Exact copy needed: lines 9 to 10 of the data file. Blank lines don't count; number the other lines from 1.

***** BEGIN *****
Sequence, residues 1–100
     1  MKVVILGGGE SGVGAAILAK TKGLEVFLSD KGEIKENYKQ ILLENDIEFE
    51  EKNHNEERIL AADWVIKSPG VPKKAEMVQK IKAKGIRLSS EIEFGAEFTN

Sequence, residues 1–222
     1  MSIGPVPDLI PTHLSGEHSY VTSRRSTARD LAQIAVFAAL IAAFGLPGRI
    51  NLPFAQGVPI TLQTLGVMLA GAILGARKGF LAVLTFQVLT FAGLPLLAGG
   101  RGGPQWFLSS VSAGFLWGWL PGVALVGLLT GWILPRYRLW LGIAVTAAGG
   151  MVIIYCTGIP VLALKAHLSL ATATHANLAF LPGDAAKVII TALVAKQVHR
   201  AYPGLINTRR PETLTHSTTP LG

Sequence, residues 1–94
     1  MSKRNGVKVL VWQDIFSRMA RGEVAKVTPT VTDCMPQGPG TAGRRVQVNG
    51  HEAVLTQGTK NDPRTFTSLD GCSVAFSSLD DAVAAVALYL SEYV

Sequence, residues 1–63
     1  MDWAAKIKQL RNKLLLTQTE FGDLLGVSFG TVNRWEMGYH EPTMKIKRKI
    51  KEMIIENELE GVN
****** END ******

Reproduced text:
   201  AYPGLINTRR PETLTHSTTP LG

Sequence, residues 1–94